# To what precision can we determine the age of the universe theoretically?

Does it makes sense to expect/hope that one day we will measure the age of the universe (in Earth's frame of reference for example) much more precisely, down to sub-year precision? Is there an absolute 0 for time (kind of like for temperature) that we could use instead of the year of our Lord or some other year?

Can we at least talk about a theoretical absolute age even if we might not be able to determine what it is? I'm thinking that even if we had perfect clocks counting seconds from the very beginning of the universe, due to relativity they might have readings that differ by years or more, making an absolute time impossible to set or maybe the expansion of the universe means this is a nonsensical question to ask. Is asking about absolute time like asking about absolute position?

• The commonly accepted "+/- 40.000.000 earth years" error margin of $\Lambda$CDM should be taken with a grain of salt. The actual error margin could be much larger, of the order of 1B years due to the Hubble tension. See physics.stackexchange.com/questions/611740/… and physics.stackexchange.com/questions/514882/…. Apr 26, 2021 at 21:16
• Age for who? Special relativity rears its ugly head. May 16, 2023 at 20:45
• @FlatterMann that's what I said in the second paragraph isn't it? There's still surely some distribution of ages (of rocks on the surface of the Earth if we have to restrict it further) we could describe.
– user86478
May 16, 2023 at 20:50
• That's my point: you know the answer, already. "The age" is observer dependent, and so is "the shape". We could argue about whether the age of the universe is the same in the local rest frames of observers that see the universe as (nearly) isotropic, but that leads to the question whether the universe is homogeneous at scales larger than several (hundred) times the Hubble diameter. My religious bet is "no, it isn't", but then... I am not religious and I don't bet and the question lies firmly outside of what science can do. May 16, 2023 at 20:53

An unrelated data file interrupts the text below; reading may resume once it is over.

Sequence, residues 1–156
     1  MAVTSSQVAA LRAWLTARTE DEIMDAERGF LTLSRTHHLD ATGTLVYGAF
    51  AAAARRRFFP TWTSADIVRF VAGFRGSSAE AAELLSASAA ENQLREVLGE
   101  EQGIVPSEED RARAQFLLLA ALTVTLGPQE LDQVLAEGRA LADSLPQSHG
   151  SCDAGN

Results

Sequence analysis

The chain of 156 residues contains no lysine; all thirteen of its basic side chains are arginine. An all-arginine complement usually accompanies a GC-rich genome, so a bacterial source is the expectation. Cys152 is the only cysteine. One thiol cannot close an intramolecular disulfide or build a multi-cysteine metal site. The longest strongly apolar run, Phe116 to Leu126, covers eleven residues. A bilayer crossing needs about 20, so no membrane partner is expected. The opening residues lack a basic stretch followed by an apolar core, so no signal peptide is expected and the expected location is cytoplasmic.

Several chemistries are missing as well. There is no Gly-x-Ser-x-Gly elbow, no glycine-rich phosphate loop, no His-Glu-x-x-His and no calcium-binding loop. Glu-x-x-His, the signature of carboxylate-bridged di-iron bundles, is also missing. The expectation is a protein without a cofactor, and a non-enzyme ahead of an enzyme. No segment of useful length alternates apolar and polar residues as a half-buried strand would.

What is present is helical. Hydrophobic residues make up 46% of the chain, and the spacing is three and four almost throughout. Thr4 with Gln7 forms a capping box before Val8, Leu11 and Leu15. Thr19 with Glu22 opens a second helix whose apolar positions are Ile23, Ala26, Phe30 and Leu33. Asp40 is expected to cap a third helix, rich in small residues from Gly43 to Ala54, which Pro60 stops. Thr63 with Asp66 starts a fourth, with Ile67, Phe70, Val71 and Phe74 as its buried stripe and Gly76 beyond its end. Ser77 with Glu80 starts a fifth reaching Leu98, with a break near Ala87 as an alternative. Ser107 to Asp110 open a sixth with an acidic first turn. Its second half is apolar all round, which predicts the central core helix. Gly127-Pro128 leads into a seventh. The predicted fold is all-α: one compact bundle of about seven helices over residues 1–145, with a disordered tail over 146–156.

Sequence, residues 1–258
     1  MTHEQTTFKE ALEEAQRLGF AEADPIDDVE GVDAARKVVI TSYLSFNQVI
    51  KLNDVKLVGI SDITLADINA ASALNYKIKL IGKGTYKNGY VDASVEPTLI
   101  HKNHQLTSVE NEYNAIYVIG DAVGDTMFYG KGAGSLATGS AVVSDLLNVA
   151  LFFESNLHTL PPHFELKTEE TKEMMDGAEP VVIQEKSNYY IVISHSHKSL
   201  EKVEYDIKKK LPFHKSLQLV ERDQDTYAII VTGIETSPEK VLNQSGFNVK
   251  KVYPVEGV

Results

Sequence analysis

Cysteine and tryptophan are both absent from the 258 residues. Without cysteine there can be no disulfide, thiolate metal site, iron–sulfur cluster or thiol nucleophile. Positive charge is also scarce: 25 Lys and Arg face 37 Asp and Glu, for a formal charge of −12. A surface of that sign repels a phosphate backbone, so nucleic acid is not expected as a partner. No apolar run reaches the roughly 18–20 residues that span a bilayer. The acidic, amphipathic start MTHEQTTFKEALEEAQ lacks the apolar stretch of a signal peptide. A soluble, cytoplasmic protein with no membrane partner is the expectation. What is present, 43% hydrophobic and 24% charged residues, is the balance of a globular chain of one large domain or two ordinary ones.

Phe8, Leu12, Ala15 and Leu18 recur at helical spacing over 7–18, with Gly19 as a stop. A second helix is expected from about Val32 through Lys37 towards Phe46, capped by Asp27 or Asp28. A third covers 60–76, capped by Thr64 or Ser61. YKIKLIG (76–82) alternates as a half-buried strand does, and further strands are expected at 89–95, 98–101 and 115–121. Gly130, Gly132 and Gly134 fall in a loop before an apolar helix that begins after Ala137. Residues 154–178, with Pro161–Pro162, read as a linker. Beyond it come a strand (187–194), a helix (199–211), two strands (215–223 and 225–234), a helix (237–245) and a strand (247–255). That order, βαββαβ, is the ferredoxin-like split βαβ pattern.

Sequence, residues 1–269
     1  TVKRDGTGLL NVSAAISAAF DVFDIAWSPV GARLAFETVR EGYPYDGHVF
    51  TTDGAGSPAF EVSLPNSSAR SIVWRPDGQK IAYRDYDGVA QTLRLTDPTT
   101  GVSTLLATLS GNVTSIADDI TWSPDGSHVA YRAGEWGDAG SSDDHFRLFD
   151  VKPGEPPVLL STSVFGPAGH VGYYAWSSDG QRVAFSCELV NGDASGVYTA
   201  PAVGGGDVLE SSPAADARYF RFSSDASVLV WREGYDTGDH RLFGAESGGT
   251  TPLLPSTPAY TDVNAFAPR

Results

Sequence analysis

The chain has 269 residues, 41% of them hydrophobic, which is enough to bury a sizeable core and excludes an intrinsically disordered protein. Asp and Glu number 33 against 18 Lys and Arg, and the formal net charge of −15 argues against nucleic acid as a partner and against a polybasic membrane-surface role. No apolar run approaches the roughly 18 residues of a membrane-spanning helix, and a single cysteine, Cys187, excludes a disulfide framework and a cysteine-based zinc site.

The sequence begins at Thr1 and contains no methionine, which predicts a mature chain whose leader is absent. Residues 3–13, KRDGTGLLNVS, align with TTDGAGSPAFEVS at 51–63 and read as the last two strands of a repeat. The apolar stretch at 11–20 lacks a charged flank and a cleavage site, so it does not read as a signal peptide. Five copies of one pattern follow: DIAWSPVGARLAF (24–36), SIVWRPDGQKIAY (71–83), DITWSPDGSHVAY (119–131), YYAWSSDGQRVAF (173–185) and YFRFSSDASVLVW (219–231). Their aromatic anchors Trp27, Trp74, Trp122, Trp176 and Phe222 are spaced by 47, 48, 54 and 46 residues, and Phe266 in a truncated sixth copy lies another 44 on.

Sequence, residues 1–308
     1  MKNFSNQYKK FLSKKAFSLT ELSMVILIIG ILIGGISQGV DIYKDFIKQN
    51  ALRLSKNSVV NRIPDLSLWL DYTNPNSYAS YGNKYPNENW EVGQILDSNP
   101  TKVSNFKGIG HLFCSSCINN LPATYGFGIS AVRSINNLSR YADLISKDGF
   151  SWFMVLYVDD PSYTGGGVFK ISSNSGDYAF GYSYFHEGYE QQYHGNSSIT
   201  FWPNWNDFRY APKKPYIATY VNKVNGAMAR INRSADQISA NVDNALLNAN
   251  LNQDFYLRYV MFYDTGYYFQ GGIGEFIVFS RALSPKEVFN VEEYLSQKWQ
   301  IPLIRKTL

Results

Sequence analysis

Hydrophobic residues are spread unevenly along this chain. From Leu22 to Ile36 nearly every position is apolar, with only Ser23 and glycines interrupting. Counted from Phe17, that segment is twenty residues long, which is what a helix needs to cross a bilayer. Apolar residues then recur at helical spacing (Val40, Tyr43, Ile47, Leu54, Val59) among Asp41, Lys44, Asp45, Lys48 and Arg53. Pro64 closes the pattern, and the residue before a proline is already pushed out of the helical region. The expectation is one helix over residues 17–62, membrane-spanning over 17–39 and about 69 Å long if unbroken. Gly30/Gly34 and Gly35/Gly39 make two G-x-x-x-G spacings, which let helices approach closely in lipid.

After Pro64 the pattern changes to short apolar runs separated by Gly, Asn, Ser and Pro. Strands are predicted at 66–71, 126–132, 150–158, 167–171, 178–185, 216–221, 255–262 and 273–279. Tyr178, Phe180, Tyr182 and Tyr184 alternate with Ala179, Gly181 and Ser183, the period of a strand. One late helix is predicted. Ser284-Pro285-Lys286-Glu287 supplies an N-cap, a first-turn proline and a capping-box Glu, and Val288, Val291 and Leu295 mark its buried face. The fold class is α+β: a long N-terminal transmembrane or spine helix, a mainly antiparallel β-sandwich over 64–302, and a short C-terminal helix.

• In cosmology, we tend to use the comoving frame of the CMB, as mentioned in physics.stackexchange.com/q/495821/123208 (I have some info on the CMB frame in physics.stackexchange.com/a/411082/123208 ). May 16, 2023 at 21:53

Within our present model of the universe, the age of the universe is deduced from observational data :

Ancient light from the Big Bang has revealed a precise new estimate for the universe's age: 13.77 billion years, give or take 40 million years.

13.770.000.000 earth years +/- 40.000.000 earth years.

If we accept the claim that it is the best precision, (ignoring maybe larger errors due to models used),the error given is too far removed for your "sub year precision" for it to be attainable, imo.

• Did you forget the famous Hubble Tension? The number you quote does not come directly from observational data, but from fitting it to the Friedmann cosmology, which is in an existential crisis as the worst theory of the mankind mismatching by whooping 95% the actually observed matter content in the universe. Feb 27, 2021 at 6:59
• @safesphere the error is the important thing, which is experimental, no matter what the theory predicts. Take the ratio: you cannot get great improvement no matter what the theory predicts in billions of years. Feb 27, 2021 at 7:03
• The Hubble Tension is the difference between relatively direct measurements (which are still not geometry independent) and fitting indirect observations to the Friedmann model. This difference is much larger that the error you quoted. The actual uncertainty is in the range of a billion years. Feb 27, 2021 at 7:08
• The Hubble tension is 67 to 74. With simple math this translates to about a 1.3-billion-year difference. Feb 27, 2021 at 8:08
• We should stick to the present calendar(s) until the accuracy is improved. Feb 27, 2021 at 9:29

Even assuming we have the correct cosmological model, the precision to which we can measure cosmological parameters is fundamentally limited by our vantage point. Our location in the universe is random, but every experiment we do is from the same random location. We can reduce instrumental error in measuring the cosmic microwave background, but we are always measuring the same inherently noisy pattern. This problem is called "cosmic variance".

In principle, we could discover a theory of everything that forces a certain value for certain cosmological parameters (perhaps the cosmological constant), allowing us to better fit the other parameters, or we could find maps of the microwave background from millions of years ago in the ruins of Atlantis and combine it with the current map to reduce the noise. Failing that, I think that future astronomical observations can only slightly improve the precision of the fit.

The key concept in the question is. "Is it theoretically possible...?" This a distinctly different question than whether it is practically possible. As astronomical instruments get bigger, their precision will also get better. The biggest current instrument in recent times is the Hubble with a diameter of 2.4m, which has produced an error of about 40,000,000 years. One can imagine theoretically creating a telescope the size of the solar system with a diameter of about 22,000,000,000,000m. If such an instrument were to someday be created, it would not be too surprising to me that the precision of the age of the universe will very possibly become less than a year.